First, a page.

Google Is So Serious About Software, It's Charging for It

Google has been nibbling around the edges of Microsoft's huge Office market with free, low-end, Web-based software. Now, the online giant is kicking into high gear, with software that is actually worth money.

For $50 per person, per year, you can get an Office equivalent (or at the least the same basic range of apps) along with calendaring. And you get 10 gigs of Google storage. Whadda you think? Have you used earlier Google apps? Does this model make sense for corporate America? Let me know at dbarney@redmondmag.com.

Not So Fast, Google
Before going gaga over Google's goods, keep in mind that Google has security holes like everyone else. Just last week, Google announced it had to fix a major hole in its Desktop Search tool (which I can't live without).

If left unpatched, the hole could let hackers see your files, like the password.doc file that holds all your passwords!

As for the Google productivity suite, I would be concerned about having my files stored remotely. If I'm going to lose all my work, I want it to be my fault!

No Surprise Here: Cuba Loves Open Source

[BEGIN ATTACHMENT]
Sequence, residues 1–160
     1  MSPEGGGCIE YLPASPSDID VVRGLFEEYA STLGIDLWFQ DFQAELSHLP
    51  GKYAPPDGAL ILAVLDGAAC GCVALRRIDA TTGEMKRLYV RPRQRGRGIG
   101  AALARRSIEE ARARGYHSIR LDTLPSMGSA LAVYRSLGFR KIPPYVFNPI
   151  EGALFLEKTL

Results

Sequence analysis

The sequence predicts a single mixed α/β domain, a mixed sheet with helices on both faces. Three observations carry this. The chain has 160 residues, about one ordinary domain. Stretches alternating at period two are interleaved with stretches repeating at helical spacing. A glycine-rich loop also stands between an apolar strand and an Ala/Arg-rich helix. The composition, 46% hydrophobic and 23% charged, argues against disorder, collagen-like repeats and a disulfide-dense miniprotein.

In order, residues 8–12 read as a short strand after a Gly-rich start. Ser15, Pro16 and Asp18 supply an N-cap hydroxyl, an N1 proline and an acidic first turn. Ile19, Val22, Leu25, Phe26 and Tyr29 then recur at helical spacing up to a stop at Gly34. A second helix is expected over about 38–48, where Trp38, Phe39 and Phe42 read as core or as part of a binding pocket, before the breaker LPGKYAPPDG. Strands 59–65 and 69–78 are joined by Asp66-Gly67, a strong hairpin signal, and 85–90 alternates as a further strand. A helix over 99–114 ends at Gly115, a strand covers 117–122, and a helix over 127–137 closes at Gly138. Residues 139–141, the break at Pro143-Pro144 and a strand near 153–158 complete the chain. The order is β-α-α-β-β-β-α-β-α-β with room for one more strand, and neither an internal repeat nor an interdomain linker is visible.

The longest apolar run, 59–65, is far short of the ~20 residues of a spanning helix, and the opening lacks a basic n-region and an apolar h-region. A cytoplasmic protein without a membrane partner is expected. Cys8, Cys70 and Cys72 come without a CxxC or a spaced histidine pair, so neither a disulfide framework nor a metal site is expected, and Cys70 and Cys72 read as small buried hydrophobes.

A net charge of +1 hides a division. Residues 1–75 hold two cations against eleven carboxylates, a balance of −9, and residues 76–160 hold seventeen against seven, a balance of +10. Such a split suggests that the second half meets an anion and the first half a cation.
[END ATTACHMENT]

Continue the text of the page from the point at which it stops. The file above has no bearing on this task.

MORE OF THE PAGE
Cuba is giving Microsoft the heave-ho and moving as fast as humanly possible (or as fast as a slow-moving communist government can) toward open source. Besides thumbing its nose at the capitalist Microsoft, Fidel apparently believes that Microsoft products present a real security threat, that somehow Redmond is in cahoots with the U.S. to spy on Cuba through secret software hooks.

Doug's Mailbag: Lost in Licensing
Microsoft recently made some improvements to its licensing tools, but that doesn't make licensing any less complicated. Here's one reader's take on the issue:

It's not just MS. I've been very recently through open license nightmares with Symantec and Adobe, too. I've have wasted over a dozen hours dealing with their corporate BS. I'm self-employed, and at my billing rate of $130 per hour, that equals a lot of un-billable time out of my pocket.

I'm done with open licensing.
-Anonymous

Here's your chance to speak out. Leave a comment below or contact me at dbarney@redmondmag.com.

About the Author

Doug Barney is editor in chief of Redmond magazine and the VP, editorial director of Redmond Media Group.

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